Dec 27, 2017 | By Benedict

Researchers at Purdue University have developed a way to 3D print energetic materials using inkjet printing technology. The project allows energetic materials to be deposited with unprecedented precision and safety.

Energetic materials, which include explosives and pyrotechnics, can be something of a handful. But contrary to what you might think, they’re not just used for blowing things up or making firework displays.

Several functional micromechanical systems use energetic materials to carry out their basic task. An airbag system in a car, for example, uses a small amount of solid propellant, a kind of energetic material, to release the airbag at speed. And the smaller the devices, the more critical the need for micro-level energetics.

Researchers at Purdue University have developed a new energetic material system using an inkjet-style 3D printing technique. It’s precise, safe, and combines two areas of research in which the university has great expertise: additive manufacturing and energetic materials.

“Energetic materials is a fairly understood field, and so is additive manufacturing,” said Allison Murray, a Ph.D. candidate in Mechanical Engineering, who built a custom inkjet 3D printer for the project. “What’s unique about this project is the intersection of those two fields, and being able to safely deposit energetic materials with this level of precision.”

The newly developed 3D printer works by depositing both a fuel and an oxidizer (two largely inert colloidal suspensions of nanoaluminum and nanocopper (II) oxide in dimethylformamide with polyvinylpyrrolidone) in an overlapping pattern, combining them on a substrate to form nanothermite, a metastable intermolecular composite with small particle size.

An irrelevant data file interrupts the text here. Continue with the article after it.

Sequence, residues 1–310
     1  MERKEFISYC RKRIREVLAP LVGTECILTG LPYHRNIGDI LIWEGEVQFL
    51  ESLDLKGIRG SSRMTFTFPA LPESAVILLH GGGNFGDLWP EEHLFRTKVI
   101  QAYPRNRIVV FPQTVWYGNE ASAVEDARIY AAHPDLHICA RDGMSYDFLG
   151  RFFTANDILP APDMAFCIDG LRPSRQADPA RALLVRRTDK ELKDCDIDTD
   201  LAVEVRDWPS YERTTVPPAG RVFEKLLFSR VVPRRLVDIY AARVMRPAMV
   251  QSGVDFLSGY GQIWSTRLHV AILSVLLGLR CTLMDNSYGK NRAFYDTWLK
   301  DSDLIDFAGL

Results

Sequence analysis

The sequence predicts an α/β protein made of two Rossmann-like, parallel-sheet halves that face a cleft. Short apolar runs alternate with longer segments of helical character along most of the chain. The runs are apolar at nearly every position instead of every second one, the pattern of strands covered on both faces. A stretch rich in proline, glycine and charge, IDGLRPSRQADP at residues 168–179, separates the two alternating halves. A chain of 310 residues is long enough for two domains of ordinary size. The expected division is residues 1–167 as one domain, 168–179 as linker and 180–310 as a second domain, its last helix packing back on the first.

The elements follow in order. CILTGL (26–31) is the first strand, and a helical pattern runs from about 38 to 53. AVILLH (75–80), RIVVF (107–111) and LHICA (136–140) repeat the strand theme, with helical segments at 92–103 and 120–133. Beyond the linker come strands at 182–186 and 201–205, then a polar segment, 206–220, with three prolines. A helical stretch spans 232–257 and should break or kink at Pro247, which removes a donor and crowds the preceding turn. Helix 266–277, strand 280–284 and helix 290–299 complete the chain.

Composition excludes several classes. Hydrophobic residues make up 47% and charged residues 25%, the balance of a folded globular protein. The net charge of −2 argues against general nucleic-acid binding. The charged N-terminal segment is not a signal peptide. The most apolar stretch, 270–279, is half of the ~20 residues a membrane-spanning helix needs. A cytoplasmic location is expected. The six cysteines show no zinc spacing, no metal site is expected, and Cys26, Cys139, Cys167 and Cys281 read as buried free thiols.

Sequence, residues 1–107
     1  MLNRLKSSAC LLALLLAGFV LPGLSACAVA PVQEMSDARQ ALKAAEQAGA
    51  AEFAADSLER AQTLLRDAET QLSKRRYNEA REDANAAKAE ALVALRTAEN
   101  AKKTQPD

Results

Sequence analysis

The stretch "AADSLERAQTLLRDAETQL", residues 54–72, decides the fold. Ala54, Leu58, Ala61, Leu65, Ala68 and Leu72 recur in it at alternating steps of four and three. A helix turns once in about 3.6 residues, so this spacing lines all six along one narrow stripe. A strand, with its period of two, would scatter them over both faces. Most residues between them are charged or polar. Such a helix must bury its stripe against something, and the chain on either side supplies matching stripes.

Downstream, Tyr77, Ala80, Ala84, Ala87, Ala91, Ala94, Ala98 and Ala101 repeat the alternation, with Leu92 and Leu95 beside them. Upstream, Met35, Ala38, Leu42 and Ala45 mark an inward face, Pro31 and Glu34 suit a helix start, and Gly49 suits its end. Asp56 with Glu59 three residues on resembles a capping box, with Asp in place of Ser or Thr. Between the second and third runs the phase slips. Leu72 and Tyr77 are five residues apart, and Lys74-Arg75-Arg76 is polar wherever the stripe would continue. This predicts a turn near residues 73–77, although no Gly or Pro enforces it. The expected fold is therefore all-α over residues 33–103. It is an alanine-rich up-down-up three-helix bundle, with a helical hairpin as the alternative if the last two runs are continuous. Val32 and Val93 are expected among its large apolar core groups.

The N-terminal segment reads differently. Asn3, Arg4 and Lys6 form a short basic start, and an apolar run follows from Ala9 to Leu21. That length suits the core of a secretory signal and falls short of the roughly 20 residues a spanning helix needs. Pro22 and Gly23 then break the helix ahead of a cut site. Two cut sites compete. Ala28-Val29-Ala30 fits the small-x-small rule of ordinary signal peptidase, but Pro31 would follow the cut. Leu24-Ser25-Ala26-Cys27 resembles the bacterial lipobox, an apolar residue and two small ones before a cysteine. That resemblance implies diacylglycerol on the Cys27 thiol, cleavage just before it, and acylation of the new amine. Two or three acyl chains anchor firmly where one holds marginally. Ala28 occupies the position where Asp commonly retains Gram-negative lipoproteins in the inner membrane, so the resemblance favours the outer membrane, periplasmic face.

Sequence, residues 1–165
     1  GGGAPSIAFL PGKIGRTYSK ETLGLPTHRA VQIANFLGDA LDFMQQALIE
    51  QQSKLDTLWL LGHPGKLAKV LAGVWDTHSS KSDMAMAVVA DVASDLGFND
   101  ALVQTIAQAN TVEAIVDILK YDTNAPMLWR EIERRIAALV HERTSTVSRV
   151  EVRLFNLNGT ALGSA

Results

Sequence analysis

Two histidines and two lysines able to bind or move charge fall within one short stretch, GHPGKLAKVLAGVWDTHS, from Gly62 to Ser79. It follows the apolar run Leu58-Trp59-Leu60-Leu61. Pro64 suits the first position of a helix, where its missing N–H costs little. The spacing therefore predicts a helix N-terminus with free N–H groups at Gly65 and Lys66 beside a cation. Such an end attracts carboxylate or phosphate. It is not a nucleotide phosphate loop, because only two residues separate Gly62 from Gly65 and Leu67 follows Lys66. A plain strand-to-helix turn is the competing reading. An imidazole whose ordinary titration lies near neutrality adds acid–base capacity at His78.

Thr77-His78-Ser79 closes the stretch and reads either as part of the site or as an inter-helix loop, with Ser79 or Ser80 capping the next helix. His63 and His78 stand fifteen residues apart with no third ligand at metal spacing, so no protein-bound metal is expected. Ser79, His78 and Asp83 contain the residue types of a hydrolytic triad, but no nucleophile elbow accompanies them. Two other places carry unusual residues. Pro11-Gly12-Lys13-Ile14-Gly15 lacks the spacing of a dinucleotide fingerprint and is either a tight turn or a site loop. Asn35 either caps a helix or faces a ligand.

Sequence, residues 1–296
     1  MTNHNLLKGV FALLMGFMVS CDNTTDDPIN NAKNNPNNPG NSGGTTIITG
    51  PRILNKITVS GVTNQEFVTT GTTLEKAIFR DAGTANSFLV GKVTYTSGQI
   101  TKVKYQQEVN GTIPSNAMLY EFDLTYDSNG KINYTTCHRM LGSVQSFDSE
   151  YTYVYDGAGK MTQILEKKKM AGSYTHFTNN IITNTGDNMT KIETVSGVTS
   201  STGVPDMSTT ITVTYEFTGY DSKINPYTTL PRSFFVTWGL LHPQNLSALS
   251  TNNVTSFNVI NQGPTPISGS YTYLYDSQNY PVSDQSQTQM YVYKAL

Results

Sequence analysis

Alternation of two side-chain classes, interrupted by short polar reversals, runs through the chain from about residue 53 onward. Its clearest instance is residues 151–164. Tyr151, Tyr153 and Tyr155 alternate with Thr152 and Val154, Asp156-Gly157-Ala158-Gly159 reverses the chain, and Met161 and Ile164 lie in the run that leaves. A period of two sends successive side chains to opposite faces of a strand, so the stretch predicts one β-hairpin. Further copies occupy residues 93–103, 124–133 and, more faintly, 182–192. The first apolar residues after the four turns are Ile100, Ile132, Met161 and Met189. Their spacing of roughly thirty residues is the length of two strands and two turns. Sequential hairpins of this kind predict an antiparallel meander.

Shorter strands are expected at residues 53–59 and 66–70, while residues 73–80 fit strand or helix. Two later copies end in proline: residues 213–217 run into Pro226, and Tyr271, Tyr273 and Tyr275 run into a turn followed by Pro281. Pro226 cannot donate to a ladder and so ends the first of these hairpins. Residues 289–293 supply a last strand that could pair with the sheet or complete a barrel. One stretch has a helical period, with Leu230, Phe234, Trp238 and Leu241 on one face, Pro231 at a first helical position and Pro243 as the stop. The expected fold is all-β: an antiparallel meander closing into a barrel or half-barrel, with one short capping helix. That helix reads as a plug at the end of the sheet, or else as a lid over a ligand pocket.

Murray said it was a “challenge” to configure the droplet volume and pattern, and to actually develop a machine capable of depositing these droplets. The piezoelectric inkjet 3D printer, however, works exactly as it was designed to, being able to hold its nozzle still while moving its print bed or “stage” below to form the desired shape.

“The stage can move with a 0.1 micron precision, which is basically a thousandth the width of a human hair,” Murray said.

The printed nanothermite reacts as quickly and powerfully as thermites applied in traditional ways, burning at 2,500 Kelvin while generating plenty of thrust and heat…and making a loud shockwave.

Using a high-speed camera and scanning transmission electron microscopy apparatus, the researchers were able to observe how the printed nanothermite reacted with differing numbers of layers.

The Purdue scientists say their work proves the feasibility of reactive inkjet printing as a means for depositing energetic materials from two largely inert suspensions. They say this opens the doors for “safer material handling and the development of a wide array of energetic materials that were previously deemed incompatible with inkjet printing.”

A research paper documenting the researchers’ findings, “Two-component additive manufacturing of nanothermite structures via reactive inkjet printing,” has been published in the Journal of Applied Physics. Its authors, from from varying disciplines in Mechanical Engineering, were Murray, Tugba Isik, Volkan Ortalan, I. Emre Gunduz, Steven F. Son, George T.-C. Chiu, and Jeffrey F. Rhoads.

“It’s a defining feature of Purdue that professors from such different backgrounds can work  together on a project like this,” said Rhoads. “We can combine all of our experiences to collaborate on technologies that weren’t previously realizable.”

 

 

Posted in 3D Printing Application

 

 

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